Signing at UCO
Preschool children travel up to seventy-five miles and from several counties to attend the Oklahoma School for the Deaf Edmond Regional Preschool at UCO. They come from towns like Billings, Cushing, Shawnee, and Mustang. Connected to the UCO Speech and Hearing Clinic, the preschool on campus is a Satellite of Oklahoma School for the Deaf in Sulphur.
Melanie Coldren, the school’s director, has been in deaf education for 33 years. Before teaching the preschool for 16 years, she taught in the elementary school Deaf Education program in the Mid-Del School District, and later coordinated Project ECHO with the State Department of Education.
Now she coordinates the educational program at the OSD/UCO preschool and is the coordinator of Project ECCO, a statewide family-centered program for children between the ages of three and six who are deaf and hard of hearing.
The preschool is co-taught by Connie Williams, a Speech/Language Pathologist, and Barbara Bingham, a Teacher of the Deaf and Hard of Hearing. Williams has worked in the preschool since 1991 and is a UCO faculty member. Bingham has taught in preschools in Texas and Oklahoma for children who are deaf, as well as preschools for hearing children.
There are four graduate assistants working in the preschool to provide language stimulation for the children and assist the teachers. These assistants are graduate students in the Speech/Language Pathology program at UCO. Under the supervision of Speech/Language Pathologists, student clinicians and volunteers work with individual students in the preschool.
“The children get a lot of one-on-one attention,” said Coldren.
The preschool has two classes. The class on Tuesday and Thursday is for children from birth to three years. Learning is emphasized through play and interacting with the children to develop communication skills. Parents participate with their children and attend a parent education/support group. In addition to mothers, some fathers and grandmothers also participate.
The class that meets on Monday, Wednesday, and Friday for children, age three to five years olds, also has a weekly parent group. Ten preschoolers attend. One little girl’s family moved to Edmond from the panhandle to be able to attend the preschool.
“With the older children, we work with their local school districts,” explains Coldren. Each child has an IEP, or an individualized education program, which includes goals for developing listening, language, and speech skills.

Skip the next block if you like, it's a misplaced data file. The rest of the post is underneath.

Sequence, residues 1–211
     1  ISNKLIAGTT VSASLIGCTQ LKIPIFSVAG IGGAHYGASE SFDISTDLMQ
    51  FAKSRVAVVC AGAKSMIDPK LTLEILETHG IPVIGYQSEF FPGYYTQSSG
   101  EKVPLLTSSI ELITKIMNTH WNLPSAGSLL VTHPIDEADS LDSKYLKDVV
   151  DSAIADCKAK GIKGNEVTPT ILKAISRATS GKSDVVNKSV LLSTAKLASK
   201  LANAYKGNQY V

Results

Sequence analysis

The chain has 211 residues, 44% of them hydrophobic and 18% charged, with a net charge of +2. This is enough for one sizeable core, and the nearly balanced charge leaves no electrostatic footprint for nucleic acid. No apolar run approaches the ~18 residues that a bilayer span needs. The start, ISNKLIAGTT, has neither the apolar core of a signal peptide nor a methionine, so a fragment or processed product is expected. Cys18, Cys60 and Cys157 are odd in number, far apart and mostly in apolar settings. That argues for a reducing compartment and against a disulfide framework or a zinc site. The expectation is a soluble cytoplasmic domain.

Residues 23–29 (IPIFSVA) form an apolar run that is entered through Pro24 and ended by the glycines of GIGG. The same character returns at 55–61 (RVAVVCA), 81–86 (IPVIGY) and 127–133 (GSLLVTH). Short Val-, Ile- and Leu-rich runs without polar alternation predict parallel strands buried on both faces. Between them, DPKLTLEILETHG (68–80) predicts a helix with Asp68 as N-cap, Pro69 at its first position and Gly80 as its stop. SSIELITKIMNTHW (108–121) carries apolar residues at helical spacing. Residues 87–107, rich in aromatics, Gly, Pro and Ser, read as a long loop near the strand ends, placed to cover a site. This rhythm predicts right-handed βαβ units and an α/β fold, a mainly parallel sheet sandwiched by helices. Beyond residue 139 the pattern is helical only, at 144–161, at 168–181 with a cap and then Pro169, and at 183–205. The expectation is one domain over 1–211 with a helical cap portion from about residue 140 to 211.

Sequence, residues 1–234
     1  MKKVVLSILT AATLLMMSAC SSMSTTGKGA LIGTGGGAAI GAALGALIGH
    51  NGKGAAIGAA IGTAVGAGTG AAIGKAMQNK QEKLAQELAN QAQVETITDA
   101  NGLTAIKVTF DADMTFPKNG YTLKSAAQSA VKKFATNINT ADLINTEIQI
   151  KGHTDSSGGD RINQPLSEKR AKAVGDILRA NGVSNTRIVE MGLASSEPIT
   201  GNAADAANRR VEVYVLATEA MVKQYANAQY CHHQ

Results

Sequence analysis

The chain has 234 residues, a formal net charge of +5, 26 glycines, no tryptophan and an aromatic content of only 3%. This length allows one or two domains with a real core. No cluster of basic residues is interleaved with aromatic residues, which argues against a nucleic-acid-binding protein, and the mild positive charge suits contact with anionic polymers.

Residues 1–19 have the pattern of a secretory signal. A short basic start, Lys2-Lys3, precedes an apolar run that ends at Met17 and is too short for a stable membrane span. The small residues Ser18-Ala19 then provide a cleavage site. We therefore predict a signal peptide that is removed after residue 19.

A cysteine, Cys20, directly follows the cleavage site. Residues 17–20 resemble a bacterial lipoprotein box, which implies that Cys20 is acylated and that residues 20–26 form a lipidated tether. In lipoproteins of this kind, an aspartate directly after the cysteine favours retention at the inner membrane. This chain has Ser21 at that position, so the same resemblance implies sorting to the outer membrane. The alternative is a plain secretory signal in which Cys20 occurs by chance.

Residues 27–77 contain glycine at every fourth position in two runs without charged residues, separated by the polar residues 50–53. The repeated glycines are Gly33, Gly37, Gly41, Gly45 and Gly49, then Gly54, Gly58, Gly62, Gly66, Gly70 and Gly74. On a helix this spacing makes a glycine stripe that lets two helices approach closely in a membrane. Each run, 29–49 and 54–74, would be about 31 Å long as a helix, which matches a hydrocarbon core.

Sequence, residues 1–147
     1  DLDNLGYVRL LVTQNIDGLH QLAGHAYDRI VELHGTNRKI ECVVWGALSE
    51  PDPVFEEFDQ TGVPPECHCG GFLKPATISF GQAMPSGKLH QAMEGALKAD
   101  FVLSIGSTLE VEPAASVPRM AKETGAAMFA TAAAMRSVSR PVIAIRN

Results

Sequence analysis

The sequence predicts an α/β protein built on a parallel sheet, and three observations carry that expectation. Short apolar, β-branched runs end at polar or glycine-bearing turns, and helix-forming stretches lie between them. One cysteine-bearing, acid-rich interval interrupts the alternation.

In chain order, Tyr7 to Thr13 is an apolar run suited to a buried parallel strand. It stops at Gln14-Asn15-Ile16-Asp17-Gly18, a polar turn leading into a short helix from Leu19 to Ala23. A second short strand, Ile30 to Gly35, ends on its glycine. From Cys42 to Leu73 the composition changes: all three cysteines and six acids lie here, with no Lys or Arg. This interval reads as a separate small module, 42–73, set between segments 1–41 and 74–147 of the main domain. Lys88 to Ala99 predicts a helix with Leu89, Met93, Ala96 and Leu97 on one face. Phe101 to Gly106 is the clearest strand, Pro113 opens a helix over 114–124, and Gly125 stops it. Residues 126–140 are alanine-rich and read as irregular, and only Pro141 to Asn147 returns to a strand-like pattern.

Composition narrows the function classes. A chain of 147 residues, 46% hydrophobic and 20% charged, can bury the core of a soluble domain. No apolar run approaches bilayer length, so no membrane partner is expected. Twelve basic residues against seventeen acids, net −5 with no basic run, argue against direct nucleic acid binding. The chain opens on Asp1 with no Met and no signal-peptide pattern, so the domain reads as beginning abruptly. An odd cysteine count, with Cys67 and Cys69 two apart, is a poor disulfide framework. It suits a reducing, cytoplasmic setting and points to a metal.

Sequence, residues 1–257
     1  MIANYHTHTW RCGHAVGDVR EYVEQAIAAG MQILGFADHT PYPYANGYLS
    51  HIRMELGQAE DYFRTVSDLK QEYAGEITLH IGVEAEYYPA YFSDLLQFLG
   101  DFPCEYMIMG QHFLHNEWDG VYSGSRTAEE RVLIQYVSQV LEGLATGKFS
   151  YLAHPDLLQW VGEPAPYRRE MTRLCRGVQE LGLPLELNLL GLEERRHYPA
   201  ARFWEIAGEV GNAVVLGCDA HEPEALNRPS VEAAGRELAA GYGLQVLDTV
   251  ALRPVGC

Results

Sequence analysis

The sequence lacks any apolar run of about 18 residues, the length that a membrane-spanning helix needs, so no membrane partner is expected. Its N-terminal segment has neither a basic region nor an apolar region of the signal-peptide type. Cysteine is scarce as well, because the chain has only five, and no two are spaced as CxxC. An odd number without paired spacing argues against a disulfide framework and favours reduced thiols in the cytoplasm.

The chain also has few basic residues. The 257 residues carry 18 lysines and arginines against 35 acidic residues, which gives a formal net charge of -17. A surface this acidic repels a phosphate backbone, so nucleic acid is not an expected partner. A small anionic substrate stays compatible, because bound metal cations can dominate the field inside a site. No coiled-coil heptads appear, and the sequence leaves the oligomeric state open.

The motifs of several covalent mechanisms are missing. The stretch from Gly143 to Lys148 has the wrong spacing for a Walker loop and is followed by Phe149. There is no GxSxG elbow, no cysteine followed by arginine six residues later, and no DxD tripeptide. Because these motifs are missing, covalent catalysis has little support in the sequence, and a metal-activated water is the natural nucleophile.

A storybook curriculum is used with a different book each week. All of the activities–centers, language group, and motor play–are related to the concepts and vocabulary in the storybook.
The children have varying degrees of hearing loss, but all have some delay in language acquisition. A total communication approach is used to enable the children to access language in the way that is most appropriate for them individually. Simultaneous signing and spoken language is used. An English-based sign system, Signing Exact English, is used to make English visible to the child.
“Most of the children have a high frequency loss,” said Coldren. “The problem is not that speech is not loud enough, but it is distorted. Without hearing certain sounds, even the child’s grammar is affected, such as not being able to hear the final sounds in ‘works’ or ‘worked.’ Some spoken language features are missing."
The major impact of deafness is on language development. Williams explained that parents go through a grieving process when they find out the child is deaf. “Different experts have different opinions about what to do. The best thing to do is meet another parent who knows the challenges and can encourage you. Find out how they deal with it.”
Most of the children wear hearing aids or FM systems. With an FM system, the teacher wears a transmitter with a microphone that matches the child's receiver. This eliminates some of the background noise that can interfere with the child's ability to hear the teacher's voice.
Some of the children have cochlear implants, an electronic device surgically implanted into the inner ear, which directly stimulates the auditory nerve. A cochlear implant gives a child greater access to sound, but the child has to learn to listen and interpret the sounds.
“Parents are the key to the child’s success. We try to equip them to interact with their child effectively, to help the child develop language. We talk to parents about how to work with their child and what they can do at home. Parents may not know what to do with a child who can't communicate."
Parents are encouraged to participate in Project ECCO. A parent advisor visits the home once a week to partner with the parent in the development of the child's communication skills, taking advantage of natural routines and play activities, and encouraging literacy development. This is not a therapy program for the child, but a program to increase knowledge and skills in the parents.
“The most exciting part of the program is when you have a child with a challenge receive the opportunity to become successful. There is joy in that. You can see the child’s face light up as he learns,” said Coldren.
“We have seen some former preschool students who have been in Honors and AP classes in high school and then go to college. Others have been in leadership roles in their high schools. One was the President of his class. To have been a part of this is a privilege and very rewarding."
For more information about OSD Edmond Regional Preschool or Project ECCO, contact Melanie Coldren at 405-974-5961.